DME company), which will violate the Medicare/Medicaid antikickback
When selling an item to a cash-paying customer, the DME company
may not give greater than a 20 percent discount (off of what the
company submits to Medicare/Medicaid) unless the company can show
“good cause” supporting a discount greater than 20
If a DME company is located in a non-rural area, a physician
cannot have an ownership interest in it and also refer to it.
If a DME company and a hospital put together a joint venture,
that is, a jointly owned DME company, then the hospital (a referral
source) cannot be allowed to have an ownership interest without
investing risk capital equal to the ownership interest awarded to
The DME company (that is an owner of the joint venture) cannot
manage the joint venture operation on a turnkey basis.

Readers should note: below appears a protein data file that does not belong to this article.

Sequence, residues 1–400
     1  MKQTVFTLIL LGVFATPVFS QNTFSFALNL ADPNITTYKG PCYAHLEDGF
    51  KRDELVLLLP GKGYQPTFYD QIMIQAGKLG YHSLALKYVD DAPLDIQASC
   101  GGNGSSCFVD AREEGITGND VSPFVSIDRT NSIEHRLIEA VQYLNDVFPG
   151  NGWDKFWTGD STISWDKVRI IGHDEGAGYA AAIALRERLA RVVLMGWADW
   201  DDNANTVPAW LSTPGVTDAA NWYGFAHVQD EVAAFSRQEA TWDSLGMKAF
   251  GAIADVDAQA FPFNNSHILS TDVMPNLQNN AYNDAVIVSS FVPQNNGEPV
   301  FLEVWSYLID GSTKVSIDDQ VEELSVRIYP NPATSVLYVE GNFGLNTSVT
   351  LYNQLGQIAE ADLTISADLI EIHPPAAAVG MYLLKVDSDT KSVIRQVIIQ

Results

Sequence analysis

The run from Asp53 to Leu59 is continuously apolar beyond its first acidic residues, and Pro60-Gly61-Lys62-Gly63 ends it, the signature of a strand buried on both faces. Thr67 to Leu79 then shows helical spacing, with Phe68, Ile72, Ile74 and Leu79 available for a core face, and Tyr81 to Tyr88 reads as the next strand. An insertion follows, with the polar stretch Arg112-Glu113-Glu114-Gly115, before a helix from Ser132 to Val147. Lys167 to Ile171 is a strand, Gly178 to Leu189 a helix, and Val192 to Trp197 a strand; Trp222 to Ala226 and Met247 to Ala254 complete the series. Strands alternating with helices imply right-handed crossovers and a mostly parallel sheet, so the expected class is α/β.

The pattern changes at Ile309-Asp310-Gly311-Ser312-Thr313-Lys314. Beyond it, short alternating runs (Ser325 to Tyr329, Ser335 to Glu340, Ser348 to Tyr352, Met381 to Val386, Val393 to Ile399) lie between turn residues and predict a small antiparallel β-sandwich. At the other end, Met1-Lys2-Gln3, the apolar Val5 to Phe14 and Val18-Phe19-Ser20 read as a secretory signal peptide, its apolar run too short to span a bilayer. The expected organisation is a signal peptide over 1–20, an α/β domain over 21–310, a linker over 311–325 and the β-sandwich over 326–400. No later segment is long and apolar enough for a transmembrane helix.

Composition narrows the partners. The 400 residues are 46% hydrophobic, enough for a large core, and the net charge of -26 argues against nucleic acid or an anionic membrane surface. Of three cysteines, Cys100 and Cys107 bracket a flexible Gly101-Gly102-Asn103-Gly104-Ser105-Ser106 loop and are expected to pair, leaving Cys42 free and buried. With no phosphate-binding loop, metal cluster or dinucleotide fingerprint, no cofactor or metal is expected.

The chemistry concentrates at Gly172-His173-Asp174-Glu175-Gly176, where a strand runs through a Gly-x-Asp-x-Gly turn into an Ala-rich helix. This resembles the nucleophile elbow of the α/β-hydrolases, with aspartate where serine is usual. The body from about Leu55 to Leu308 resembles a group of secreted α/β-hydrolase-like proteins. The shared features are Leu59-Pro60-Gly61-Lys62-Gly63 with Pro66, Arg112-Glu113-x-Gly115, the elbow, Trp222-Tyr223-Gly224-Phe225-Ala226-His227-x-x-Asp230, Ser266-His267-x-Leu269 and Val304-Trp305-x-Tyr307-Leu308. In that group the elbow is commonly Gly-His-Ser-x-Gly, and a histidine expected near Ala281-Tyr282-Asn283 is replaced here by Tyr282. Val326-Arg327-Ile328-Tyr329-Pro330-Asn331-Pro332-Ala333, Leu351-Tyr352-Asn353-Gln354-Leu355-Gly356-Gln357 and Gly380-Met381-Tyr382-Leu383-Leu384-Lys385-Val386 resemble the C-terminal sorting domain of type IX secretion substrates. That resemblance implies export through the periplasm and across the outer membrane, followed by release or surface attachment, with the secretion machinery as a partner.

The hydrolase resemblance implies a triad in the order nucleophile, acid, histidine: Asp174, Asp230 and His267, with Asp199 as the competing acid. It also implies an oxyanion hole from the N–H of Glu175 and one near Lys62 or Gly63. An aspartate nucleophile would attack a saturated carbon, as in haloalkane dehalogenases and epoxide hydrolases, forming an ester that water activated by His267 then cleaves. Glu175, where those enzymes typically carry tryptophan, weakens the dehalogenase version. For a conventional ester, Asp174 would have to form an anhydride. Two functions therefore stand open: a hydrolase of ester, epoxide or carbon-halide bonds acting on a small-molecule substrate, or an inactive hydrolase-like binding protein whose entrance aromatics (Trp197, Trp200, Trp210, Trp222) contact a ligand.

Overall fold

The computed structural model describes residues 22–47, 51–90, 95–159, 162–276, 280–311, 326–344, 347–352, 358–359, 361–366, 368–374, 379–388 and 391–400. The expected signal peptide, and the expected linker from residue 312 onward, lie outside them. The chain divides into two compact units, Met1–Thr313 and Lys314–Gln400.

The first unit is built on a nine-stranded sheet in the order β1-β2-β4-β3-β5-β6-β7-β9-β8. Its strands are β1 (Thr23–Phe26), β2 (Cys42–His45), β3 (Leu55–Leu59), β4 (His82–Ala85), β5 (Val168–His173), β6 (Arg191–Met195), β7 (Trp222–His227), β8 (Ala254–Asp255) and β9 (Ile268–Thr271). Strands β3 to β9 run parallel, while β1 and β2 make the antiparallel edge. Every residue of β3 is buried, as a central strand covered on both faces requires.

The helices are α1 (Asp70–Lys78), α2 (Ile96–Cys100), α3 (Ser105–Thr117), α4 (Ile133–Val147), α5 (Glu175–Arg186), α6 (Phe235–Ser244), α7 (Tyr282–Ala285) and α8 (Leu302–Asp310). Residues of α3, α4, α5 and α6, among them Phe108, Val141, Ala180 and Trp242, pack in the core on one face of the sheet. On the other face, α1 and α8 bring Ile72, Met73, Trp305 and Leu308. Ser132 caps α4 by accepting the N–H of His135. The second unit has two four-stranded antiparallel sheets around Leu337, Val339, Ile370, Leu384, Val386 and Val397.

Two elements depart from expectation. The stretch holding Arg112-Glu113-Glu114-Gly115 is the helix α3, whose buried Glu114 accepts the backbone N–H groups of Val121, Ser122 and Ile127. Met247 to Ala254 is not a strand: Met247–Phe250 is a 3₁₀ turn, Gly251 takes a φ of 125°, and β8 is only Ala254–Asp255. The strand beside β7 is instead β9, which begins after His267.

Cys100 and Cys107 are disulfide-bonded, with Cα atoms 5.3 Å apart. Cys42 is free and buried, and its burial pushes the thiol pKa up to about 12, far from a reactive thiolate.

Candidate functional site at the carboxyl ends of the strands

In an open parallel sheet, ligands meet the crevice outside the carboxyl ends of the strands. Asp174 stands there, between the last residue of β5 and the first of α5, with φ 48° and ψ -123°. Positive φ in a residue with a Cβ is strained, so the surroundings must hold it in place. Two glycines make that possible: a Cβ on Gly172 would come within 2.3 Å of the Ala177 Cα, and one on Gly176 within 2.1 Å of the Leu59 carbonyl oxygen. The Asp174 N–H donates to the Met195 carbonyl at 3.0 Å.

If a cooperative marketing program (see above) is implemented by
a DME company and a hospital, or by a DME company and pharmacy,
then the referral source cannot be given a free ride — the
referral source must pay its prorata share of the expenses.
A DME company cannot enter into a loan/consignment closet
arrangement with a hospital/physician that allows the
hospital/physician to make money off the consigned inventory; does
not ensure patient choice; and allows for rent in excess of fair
market value (and that does not comply with the Space Rental safe
harbor to the anti-kickback statute).
A DME company cannot enter into a preferred provider agreement
with a hospital that does not ensure patient choice.
Under HIPAA, one provider may not give customer information to
another provider in order for the other provider to market to the
Jeffrey S. Baird, Esq., is chairman of the Health Care Group at
Brown & Fortunato, P.C., an Amarillo, Texas-based law firm.
Board certified in health law by the Texas Board of Legal
Specialization, he represents home medical equipment companies,
pharmacies and other health care providers throughout the United
States. Baird may be reached at 806/345-6320 or by e-mail at